Thursday, 3 December 2015

Are the majority of voters in the UK in favour of EU exit?

If you've read a fair number of my blog posts, you'll be aware that I am always a little suspicious of statistics used in the news, and I think it's worth regularly digging a little deeper to see what lies beneath those numbers, and whether they really tell us what the media say they do.

A little over a week ago, there was a fair amount of coverage to say that for the first time, possibly influenced by the Paris attacks a few days before, there was a majority of voters in the UK in favour of leaving the EU. But was that really true?

After a bit of digging (none of the newspaper reports I looked at had a link to the data) I found the results from the ORB International survey. (It's on page 8, as this is a summary of a range of surveys.) The survey was of 2067 people and, indeed, 52% were in favour of leaving over 48% against. But there are two issues here. Can we be sure that such a tight margin is representative when we blow that 2067 up to the 45 million or so voting population, and what about the 'don't know's?

The survey doesn't provide error values (though some of the other surveys in the report do), but if they did, I would be very surprised if they didn't allow for a couple of percentage points in inaccuracy - so there could still be a majority the other way. The survey does tell that around half of the population would be likely to say that they would vote against, but it isn't accurate enough to tell us that we have crossed a line from 'most for staying in' to 'most for leaving'.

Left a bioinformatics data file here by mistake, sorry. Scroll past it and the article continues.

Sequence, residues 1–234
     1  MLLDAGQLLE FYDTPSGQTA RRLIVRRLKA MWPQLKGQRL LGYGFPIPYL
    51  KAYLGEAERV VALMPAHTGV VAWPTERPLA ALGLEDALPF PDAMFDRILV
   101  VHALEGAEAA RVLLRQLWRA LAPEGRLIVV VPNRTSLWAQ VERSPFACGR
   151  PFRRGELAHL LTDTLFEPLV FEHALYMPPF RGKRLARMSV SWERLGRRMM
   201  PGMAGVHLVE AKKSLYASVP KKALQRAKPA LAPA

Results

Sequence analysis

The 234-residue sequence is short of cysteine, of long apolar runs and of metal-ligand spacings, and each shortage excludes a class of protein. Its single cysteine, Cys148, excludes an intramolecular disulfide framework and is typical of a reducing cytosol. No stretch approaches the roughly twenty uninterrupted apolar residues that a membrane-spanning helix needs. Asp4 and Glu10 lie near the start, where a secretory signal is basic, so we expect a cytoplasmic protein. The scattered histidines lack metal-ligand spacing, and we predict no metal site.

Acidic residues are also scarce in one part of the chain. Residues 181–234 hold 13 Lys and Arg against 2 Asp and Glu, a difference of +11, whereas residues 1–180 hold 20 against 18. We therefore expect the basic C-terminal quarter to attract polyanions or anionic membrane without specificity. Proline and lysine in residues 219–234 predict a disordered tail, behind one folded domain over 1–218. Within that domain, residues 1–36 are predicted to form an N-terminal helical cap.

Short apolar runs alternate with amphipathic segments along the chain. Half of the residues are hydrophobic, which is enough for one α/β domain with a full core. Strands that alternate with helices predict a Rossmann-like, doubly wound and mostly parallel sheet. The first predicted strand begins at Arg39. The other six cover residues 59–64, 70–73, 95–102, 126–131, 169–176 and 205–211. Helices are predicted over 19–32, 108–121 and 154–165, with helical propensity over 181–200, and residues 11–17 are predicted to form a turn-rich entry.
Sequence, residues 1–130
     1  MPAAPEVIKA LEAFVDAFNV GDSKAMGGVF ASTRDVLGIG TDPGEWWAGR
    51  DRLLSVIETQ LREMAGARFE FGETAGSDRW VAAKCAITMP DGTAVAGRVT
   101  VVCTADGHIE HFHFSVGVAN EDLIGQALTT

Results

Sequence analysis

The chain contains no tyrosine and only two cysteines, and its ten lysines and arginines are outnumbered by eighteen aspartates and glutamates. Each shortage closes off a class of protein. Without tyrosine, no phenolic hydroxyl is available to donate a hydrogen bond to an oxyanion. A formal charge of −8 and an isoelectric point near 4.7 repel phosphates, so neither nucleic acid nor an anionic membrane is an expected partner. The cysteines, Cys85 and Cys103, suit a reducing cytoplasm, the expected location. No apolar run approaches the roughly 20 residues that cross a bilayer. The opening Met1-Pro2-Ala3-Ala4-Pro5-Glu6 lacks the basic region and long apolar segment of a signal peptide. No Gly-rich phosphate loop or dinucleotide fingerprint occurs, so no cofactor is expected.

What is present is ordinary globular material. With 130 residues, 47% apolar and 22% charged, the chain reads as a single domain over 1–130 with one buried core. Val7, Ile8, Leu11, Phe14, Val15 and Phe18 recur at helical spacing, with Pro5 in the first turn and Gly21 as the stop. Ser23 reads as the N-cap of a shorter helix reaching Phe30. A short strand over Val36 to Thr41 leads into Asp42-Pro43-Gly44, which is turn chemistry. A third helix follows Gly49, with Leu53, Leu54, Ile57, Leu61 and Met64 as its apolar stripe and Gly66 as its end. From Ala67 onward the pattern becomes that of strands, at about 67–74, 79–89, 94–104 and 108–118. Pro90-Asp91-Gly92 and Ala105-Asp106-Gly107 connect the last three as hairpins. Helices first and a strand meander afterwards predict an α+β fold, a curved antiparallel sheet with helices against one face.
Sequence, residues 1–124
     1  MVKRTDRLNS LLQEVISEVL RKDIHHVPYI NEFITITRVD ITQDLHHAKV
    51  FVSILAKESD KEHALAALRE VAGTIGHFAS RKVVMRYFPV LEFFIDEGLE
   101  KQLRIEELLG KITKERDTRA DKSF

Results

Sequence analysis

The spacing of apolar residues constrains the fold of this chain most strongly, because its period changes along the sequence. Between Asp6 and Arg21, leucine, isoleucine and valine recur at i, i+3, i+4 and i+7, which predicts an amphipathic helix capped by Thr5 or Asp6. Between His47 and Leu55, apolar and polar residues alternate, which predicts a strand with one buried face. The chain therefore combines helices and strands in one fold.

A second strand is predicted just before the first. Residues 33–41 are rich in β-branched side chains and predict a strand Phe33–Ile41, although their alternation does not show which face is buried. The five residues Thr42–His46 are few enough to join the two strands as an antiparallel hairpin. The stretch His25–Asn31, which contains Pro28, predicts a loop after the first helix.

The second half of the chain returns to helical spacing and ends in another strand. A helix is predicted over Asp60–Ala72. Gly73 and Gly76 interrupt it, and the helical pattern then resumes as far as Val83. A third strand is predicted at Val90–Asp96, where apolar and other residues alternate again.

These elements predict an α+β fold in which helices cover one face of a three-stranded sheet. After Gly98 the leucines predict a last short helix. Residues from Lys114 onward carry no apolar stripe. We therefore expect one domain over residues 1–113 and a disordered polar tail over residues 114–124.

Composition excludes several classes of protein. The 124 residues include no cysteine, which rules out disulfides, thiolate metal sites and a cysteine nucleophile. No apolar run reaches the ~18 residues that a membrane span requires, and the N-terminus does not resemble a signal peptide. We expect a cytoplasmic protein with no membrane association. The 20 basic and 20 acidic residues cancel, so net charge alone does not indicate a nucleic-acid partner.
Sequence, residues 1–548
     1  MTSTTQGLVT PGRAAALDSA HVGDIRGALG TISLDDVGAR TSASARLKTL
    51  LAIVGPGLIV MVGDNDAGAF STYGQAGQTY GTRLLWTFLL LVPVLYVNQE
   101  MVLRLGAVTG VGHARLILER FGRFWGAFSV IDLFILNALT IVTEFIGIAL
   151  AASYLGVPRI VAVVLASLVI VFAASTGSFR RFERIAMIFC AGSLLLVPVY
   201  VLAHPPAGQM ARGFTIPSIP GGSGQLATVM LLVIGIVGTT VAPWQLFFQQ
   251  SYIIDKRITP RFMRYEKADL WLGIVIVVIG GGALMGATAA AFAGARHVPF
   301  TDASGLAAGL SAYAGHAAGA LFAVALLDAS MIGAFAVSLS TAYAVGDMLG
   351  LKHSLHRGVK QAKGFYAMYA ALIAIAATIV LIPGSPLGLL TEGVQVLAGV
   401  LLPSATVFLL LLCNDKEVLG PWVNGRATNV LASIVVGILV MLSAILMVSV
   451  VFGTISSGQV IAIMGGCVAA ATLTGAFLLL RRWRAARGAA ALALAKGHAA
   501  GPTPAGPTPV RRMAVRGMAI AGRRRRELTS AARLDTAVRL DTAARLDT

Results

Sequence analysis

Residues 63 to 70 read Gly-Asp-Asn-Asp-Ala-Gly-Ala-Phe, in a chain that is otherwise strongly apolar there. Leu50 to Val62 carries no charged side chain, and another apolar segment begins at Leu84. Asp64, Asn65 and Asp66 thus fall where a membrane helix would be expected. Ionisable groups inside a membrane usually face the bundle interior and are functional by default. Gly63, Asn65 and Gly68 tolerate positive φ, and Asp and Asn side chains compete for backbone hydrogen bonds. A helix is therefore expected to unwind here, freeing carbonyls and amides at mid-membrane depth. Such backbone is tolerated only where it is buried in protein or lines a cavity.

However, the more interesting aspect is the 'don't know's. The survey didn't give the option of 'don't know' or 'undecided.' I guess the argument was that this won't be an option on the ballot paper in 2017 (or whenever the real decision is made). But the trouble is, probably over a year out from the vote, when we haven't yet heard the full arguments from both sides, there will be a lot of floating voters. Previous surveys suggest that numbers are in the 15-25% range. So, in effect, there could be 500 or more of those votes cast in this poll that weren't correct. That's a huge error, and it really says that we just haven't got a clue.

Is the survey useless? No, though I wish they would include 'undecided'. We do get a feel from the series of polls that there has been a drift towards a 'get out of the EU' decision. But what certainly is the case is that this poll does not show, as the headlines claimed, that the majority of voters are now in favour of leaving the EU.

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